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We recently notified you that the Office of Federal Contract Compliance Programs had issued proposed regulations designed to put significantly more "teeth" into contractors' obligations to employ protected veterans. The proposed rule, like its predecessor, interprets the Vietnam Era Veterans' Readjustment Assistance Act of 1974 and its amendments, which prohibit discrimination against certain protected veterans and require federal contractors to take affirmative steps to recruit and hire such individuals. Contractors are also required to make reasonable accommodations (using essentially the same standards and terminology in the Americans with Disabilities Act) for disabled veterans.

The proposed regulations, issued April 26, 2011, could not have been better-timed, coming almost immediately before the successful raid on Osama bin Laden's compound in Abbottabad, Pakistan. Although strenuous opposition is unlikely, the OFCCP is accepting comments on the proposed rule through June 27.

The following is a summary of the key provisions of the proposed regulations:

Who is a protected veteran?

Under the statute (with amendments) formerly known as VEVRAA (but now referred to as "Section 4212" because it is codified at 38 U.S.C. § 4212), disabled veterans, recently separated veterans, active duty wartime or campaign badge veterans, and Armed Forces service medal veterans are protected.

Why was a new rule necessary?

The current regulations have been in place since 1976, but "increasing numbers of veterans are returning from tours of duty in Iraq, Afghanistan, and other places around the world, and many are faced with substantial obstacles in finding employment upon leaving the service," according to the OFCCP. The Agency cites a report from the Bureau of Labor Statistics showing higher unemployment for veterans than for non-veterans in the 18-24 and 25-34 year-old age groups.

Which contractors are covered?

It depends. The OFCCP proposes rescinding all regulations codified at 41 C.F.R. Part 60-250 (which applies to government contracts of $25,000 or more entered into before December 1, 2003) on the ground that all of these contracts should now have expired. However, the Agency has proposed a set of "alternative" regulations in case comments reveal that rescission is not appropriate.

The rest of the proposed rule, which would amended the regulations currently codified at 41 C.F.R. Part 60-300, would apply to each government contract or subcontract of $100,000 or more that is entered into (or modified) on or after December 1, 2003. The contract must be for the purchase, sale or use of personal property or "nonpersonal services (including construction)." Contracts are not aggregated.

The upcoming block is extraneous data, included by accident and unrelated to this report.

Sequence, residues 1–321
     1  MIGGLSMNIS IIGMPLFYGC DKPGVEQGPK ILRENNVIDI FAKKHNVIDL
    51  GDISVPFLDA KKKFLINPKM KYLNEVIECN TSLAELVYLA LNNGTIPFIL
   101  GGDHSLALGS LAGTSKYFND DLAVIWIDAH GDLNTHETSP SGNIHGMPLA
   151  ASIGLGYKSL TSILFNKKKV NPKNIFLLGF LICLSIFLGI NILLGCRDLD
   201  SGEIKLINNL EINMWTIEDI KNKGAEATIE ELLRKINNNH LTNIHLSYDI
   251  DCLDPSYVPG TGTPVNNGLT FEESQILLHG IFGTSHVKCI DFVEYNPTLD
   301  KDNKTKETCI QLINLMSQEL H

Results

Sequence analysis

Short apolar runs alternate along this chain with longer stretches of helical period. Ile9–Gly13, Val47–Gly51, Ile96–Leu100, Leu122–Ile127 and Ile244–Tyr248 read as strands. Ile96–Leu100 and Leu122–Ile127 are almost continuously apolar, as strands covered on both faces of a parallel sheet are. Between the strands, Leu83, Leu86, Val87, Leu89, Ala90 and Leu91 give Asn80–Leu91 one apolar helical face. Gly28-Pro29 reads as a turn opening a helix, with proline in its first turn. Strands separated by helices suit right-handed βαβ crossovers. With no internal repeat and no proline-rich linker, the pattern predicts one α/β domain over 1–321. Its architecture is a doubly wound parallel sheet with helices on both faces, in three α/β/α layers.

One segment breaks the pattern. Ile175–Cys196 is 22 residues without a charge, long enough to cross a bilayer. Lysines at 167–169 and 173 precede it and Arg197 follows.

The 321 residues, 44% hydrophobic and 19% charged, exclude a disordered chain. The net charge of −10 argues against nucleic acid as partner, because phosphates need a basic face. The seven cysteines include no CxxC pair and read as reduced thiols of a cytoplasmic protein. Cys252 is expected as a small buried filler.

(Because the proposed "alternative" regulations for part 60-250 are substantially the same as the proposed regulations for part 60-300, the remainder of this bulletin will focus on the latter.)

Are there any changes to the Equal Opportunity Clause that must be included in contracts?

Yes. The clause contains a new provision that requires contractors to maintain records on veteran referrals "on an annual basis" and to keep the records for five years. The records must include "the number of priority referrals of [protected veterans] [received] from each employment service delivery system, and the ratio of priority referrals to total referrals."

The proposed EO Clause also includes a relatively minor change to the requirement that the affirmative action notice be accessible and understandable to a disabled veteran.

Also, as the OFCCP did in the proposed regulations to implement Executive Order 13496 (requiring federal contractors to post a notice advising employees of their rights under federal labor laws), it is proposing that the entire EO Clause be included verbatim in federal contracts and subcontracts. This is surprising, as the OFCCP ultimately dropped that requirement in the final rule implementing Executive Order 13496 due to complaints that it would make the contracting process more difficult. Hopefully, the OFCCP will reach a similar conclusion when finalizing these regulations.

Are there any changes to the way contractors invite protected veterans to self-identify?

Yes. As expected, the OFCCP is proposing that contractors invite applicants to self-identify as protected veterans. Despite concerns from the contractor community that such a requirement would violate the ADA because it would seek disability-related information from individuals pre-hire, the OFCCP remains insistent on this approach.

The proposed regulations would require contractors to ask all applicants to self-identify as protected veterans before receiving offers of employment. The invitation, however, would not break out the categories of covered veterans; it would request the applicant to disclose only whether he or she is "protected." The OFCCP says that it wants this data so that it can measure the number of protected veterans who apply for positions.